LOS ANGELES - It’s been 30 years since former Los Angeles Lakers basketball star Earvin "Magic" Johnson shocked the world and publicly disclosed he was diagnosed with HIV.
"God has really blessed me!" the 62-year-old tweeted Sunday. "Today marks 30 years living with HIV so the message resonated with me in such a tremendous way. I thank the Lord for keeping me, giving me strength, and guiding me for 62 years but especially the last 30."
"Through it all I learned to trust in Jesus and I learned to trust in God!" he continued.
HIV stands for human immunodeficiency virus. According to the U.S. Centers for Disease Control and Prevention, it weakens a person’s immune system by destroying important cells that fight disease and infection. There is currently no effective cure for HIV. But with proper medical care, HIV can be controlled. If not treated, HIV could turn into AIDS (acquired immunodeficiency syndrome).
Johnson, who played for the Lakers from 1979 to 1992, disclosed in November 1991 that he was HIV-positive. He coached the team for the final 16 games of the 1993-94 season and came out of retirement to play the second half of that season before retiring for good. He then went on to own a small portion of the Lakers.
Johnson believed he contracted the virus after having many sexual relations with various women.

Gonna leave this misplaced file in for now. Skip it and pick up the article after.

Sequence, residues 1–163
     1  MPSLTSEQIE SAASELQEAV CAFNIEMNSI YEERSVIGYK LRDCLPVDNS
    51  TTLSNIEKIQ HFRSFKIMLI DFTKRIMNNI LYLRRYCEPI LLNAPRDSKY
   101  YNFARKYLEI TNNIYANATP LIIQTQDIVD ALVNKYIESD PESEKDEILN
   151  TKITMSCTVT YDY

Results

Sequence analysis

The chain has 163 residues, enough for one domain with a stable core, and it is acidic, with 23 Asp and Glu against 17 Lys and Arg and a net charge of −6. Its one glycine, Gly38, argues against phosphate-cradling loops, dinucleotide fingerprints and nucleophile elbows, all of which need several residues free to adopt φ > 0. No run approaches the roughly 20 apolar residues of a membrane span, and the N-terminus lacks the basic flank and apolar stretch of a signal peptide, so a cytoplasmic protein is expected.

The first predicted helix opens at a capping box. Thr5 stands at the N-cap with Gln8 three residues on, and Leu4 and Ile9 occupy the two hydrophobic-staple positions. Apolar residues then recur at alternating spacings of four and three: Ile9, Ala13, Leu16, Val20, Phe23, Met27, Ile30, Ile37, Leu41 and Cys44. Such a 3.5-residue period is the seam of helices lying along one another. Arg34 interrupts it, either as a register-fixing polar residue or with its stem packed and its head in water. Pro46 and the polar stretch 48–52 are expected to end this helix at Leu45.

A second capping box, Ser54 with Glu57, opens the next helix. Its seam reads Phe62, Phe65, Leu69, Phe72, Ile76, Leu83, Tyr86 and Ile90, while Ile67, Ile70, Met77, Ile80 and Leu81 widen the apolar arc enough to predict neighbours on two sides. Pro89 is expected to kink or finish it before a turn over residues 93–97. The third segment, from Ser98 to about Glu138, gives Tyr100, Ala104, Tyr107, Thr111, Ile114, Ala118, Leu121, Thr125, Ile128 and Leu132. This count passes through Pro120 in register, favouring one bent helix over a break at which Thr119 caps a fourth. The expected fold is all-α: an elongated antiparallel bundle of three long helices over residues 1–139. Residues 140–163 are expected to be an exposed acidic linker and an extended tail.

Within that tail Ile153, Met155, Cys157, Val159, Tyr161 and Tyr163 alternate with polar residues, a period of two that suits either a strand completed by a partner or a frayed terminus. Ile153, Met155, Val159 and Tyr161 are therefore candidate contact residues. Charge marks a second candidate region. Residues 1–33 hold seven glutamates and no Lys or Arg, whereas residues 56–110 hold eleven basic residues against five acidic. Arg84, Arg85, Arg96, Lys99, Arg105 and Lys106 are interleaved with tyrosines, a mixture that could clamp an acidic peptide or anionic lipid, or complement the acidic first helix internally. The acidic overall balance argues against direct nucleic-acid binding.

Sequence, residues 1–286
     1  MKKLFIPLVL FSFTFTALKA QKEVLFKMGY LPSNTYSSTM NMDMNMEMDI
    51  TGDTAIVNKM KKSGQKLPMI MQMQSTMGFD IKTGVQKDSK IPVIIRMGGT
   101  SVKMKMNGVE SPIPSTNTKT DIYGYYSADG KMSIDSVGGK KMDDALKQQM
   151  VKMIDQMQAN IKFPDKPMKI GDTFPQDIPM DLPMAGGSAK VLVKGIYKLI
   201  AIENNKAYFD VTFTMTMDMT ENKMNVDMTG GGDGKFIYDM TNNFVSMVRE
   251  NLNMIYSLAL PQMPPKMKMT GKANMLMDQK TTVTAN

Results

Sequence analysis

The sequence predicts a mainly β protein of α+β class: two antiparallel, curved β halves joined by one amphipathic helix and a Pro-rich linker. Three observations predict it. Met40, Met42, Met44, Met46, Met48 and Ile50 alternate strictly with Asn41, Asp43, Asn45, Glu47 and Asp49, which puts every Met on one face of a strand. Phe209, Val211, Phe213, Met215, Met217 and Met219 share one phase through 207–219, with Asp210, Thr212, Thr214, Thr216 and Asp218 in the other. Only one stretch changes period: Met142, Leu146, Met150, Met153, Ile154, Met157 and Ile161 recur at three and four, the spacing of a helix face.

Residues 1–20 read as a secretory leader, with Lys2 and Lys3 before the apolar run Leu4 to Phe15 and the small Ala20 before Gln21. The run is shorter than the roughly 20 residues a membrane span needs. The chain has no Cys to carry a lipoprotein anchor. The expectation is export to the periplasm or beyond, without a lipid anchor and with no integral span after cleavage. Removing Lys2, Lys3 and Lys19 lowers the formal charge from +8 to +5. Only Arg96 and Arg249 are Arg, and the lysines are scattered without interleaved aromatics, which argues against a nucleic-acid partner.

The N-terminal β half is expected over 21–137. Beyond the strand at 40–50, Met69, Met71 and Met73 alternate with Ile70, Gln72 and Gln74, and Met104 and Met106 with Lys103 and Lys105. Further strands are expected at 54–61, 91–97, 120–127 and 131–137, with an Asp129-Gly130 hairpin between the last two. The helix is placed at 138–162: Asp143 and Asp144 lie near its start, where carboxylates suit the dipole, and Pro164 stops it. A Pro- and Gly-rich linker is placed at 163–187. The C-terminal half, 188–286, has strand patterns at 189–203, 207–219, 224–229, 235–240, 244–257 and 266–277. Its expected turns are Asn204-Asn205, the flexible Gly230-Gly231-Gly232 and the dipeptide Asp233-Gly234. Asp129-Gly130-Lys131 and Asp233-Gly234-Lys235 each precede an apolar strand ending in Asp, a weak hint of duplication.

In a single, stunning revelation, Johnson seared AIDS awareness onto public consciousness like nobody before him.
Activists said the 6-foot-9 athlete with the million-dollar grin became the perfect ambassador in the effort to raise understanding, compassion and money for people with AIDS and those, like Johnson, who are infected with the AIDS-causing virus.
Johnson’s announcement was felt across the country and overseas. Many American newspapers ran banner headlines and page after page of coverage. The story received nearly equal treatment in some other countries, including Japan and Israel. In Spain, the daily El Pais had two pages on ″The Magic Man: A Living Legend and a Myth in World Sport.″
In Germany, the news agency SID wrote: ″Earvin Johnson’s declaration, which in America received as many headlines and as much broadcast time as the beginning of the Gulf War, has done more for those who suffer with him than all previous efforts.″
Shortly after his announcement, at AIDS clinics and hot line services, the effects were also seen. The hot line at the CDC - which normally gets about 3,000 telephone calls daily - got 40,000 between 5 p.m. and midnight in a single day. In Missouri, the volume of people coming in for AIDS tests doubled the morning after Johnson’s announcement.
According to the CDC, in 2019, 36,801 people received an HIV diagnosis in the U.S. and U.S. territories. There were 15,815 deaths among adults and adolescents with diagnosed HIV in the U.S. and U.S. territories, according to the agency. However, these deaths could be from any cause.
A potential HIV vaccine, looking to mirror mRNA COVID-19 vaccine technology, is showing promising results in phase 1 clinical trial testing, according to developers.
Researchers at the International AIDS Vaccine Initiative and Scripps Research said the vaccine had success in producing rare immune cells that trigger antibodies to keep the virus from mutating. The response was shown in 97% of participants who received the vaccine, according to the organizations.
The Associated Press contributed to this report. This story was reported from Los Angeles.